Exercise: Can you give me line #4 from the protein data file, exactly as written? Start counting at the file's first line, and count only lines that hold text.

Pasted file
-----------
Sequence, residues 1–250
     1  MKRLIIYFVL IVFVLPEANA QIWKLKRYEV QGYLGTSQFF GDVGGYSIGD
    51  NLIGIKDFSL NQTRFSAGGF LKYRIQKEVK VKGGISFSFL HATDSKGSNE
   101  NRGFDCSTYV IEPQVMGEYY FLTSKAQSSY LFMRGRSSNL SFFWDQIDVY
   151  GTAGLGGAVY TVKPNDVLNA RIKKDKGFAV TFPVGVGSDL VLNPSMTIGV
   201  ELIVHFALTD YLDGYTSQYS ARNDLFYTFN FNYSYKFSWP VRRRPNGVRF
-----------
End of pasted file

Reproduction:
   101  NRGFDCSTYV IEPQVMGEYY FLTSKAQSSY LFMRGRSSNL SFFWDQIDVY